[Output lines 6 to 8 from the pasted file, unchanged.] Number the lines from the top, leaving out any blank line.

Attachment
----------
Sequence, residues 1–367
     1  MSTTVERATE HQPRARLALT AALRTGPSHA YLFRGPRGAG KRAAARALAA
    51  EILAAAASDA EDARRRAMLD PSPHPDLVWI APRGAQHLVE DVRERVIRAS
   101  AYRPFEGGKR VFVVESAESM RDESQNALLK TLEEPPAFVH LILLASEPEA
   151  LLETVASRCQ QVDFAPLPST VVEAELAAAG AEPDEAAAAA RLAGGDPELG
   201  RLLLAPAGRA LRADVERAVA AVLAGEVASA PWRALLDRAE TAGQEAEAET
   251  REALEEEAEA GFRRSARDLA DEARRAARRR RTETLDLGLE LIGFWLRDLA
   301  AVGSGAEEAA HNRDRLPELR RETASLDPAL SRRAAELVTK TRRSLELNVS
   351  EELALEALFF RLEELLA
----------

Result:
   201  RLLLAPAGRA LRADVERAVA AVLAGEVASA PWRALLDRAE TAGQEAEAET
   251  REALEEEAEA GFRRSARDLA DEARRAARRR RTETLDLGLE LIGFWLRDLA
   301  AVGSGAEEAA HNRDRLPELR RETASLDPAL SRRAAELVTK TRRSLELNVS